• Although it will take time to achieve the price stability target, it is necessary to persistently continue with the current powerful monetary easing as the momentum toward 2 percent inflation is maintained.
  • The Bank should continue with the current monetary policy stance with the aim of persistently encouraging the virtuous cycle to take hold and achieving the price stability target.
  • In a situation where there are high uncertainties regarding economic and price developments, it is important to sustain moderate economic expansion while avoiding an accumulation of imbalances, and essential to continue with the current monetary easing while carefully examining the positive effects and side effects of the policy.
  • Trying to normalize monetary policy prematurely before achieving the price stability target could adversely strengthen the side effects. Since the impact of these effects is cumulative, it is necessary to achieve the price stability target at the earliest possible time by conducting additional monetary easing and strengthening the commitment.
  • At the July MPM, it was decided to conduct market operations as well as asset purchases in a more flexible manner. So far, this generally has been producing its intended results.
  • In accordance with the strengthening of the framework for continuous powerful monetary easing in July, the long-term yields should be allowed to temporarily turn negative. It is natural for such yields to move upward and downward more or less symmetrically from around zero percent. It would be desirable to increase or decrease the amount of Japanese government bond (JGB) purchases in a flexible manner while bearing in mind the approximate amount to be purchased -- that is, an annual pace of increase in the amount outstanding of the Bank's JGB holdings of about 80 trillion yen.
  • Although the long-term yields rose after the Bank made policy adjustments that allowed them to move more significantly, they have been declining recently. This is likely to be due to concerns regarding the outlook for the global economy resulting from factors such as the trade friction between the United States and China. Under these circumstances, if the Bank conducts market operations that would bring back interest rates to their previous levels, this instead will tighten monetary conditions more than at present.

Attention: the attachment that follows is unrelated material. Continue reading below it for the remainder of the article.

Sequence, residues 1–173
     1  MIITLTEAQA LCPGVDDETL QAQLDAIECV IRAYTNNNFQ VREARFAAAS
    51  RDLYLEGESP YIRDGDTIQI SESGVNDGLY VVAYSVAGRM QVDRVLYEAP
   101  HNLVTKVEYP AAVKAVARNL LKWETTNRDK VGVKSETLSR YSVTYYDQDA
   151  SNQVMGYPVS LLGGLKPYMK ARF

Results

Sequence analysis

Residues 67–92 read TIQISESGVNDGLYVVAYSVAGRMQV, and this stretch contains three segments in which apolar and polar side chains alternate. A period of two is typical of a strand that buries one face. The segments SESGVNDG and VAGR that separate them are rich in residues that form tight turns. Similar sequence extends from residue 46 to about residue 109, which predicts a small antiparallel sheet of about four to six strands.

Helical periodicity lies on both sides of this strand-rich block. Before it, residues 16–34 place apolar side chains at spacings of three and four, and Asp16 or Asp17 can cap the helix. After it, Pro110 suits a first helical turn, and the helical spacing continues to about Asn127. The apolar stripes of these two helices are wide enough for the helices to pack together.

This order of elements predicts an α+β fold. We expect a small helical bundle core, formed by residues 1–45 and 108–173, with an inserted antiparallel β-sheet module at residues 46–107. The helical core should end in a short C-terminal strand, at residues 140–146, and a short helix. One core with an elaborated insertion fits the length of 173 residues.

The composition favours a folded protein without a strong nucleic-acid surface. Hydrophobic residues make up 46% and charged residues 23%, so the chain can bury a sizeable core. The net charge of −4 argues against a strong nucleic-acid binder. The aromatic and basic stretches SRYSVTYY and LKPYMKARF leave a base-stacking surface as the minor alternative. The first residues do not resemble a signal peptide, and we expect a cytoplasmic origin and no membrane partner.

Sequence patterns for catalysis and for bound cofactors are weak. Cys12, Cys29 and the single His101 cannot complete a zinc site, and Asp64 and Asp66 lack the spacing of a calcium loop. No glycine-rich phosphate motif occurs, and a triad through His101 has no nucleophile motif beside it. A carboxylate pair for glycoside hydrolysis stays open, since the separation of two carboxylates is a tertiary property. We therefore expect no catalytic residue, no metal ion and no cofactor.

• There is likely room for the current conduct of JGB purchase operation to be revised to some extent, taking into consideration (1) the large stock effect of reducing term premiums reflecting the cumulative amount of JGBs through purchasing long-term JGBs and (2) the low remaining ratio of newly issued bonds in the JGB market.
  • It is reported that the ratio of deals with unsold bonds in the corporate bond market has been increasing due to the current low interest rate environment. There is a possibility that investors' demand for corporate bonds will increase in case of higher longer-term interest rates. In this context, it could be regarded as a future option to consider in a flexible manner factors such as the range of yield movement and the target maturity of JGBs.
  • It will be more difficult to overcome deflation completely if the directions of fiscal and monetary policies are different. Further coordination between the two policies is important.
  • It is expected that the underlying trend in prices will be very difficult to grasp next fiscal year due to various special factors such as the effects of the scheduled consumption tax hike and provision of free education, as well as a possible decline in crude oil prices and a reduction in mobile phone-related prices. Therefore, in conducting monetary policy, it is important to keep in mind more sufficient and courteous communication.

III. Opinions from Government Representatives

Ministry of Finance

  • The government is in the process of finalizing the budget for fiscal 2019 amid expenditure reforms based on the New Plan to Advance Economic and Fiscal Revitalization as well as the stance of taking emergency and special measures to smooth out the economic impacts caused by the scheduled consumption tax hike. In addition, it is formulating the second supplementary budget for fiscal 2018.
  • As for tax reform in fiscal 2019, the government will prepare draft tax codes reflecting the ruling parties' outline.
  • The government expects the Bank to continue to work toward achieving the price stability target, taking account of developments in economic activity and prices as well as financial conditions.

Cabinet Office

  • In the government's economic outlook -- approved by the Cabinet on December 18 -- the real GDP growth rates for fiscal 2018 and 2019 are projected to be about 0.9 percent and about 1.3 percent, respectively.
  • The Basic Principles of Fiscal 2019 Budget Formulation was decided by the Cabinet on December 7. At the Council on Economic and Fiscal Policy today, the 2018 reform time schedule will be formulated and the countermeasures for the scheduled consumption tax hike will be reported by Minister Motegi.
  • The government expects the Bank to steadily pursue monetary easing toward achieving the price stability target, taking account of developments in economic activity and prices as well as financial conditions.

  1. English translation prepared by the Bank's staff based on the Japanese original. Return to text
  2. "Summary of Opinions at the Monetary Policy Meeting" is made through the following process: (1) each Policy Board member and government representative makes a summary of opinions that she/he presented at the Monetary Policy Meeting (MPM) under a certain word limit and submits this to the Governor of the Bank of Japan, who serves as the chairman of the MPM, and (2) the chairman edits those opinions as his responsibility. Return to text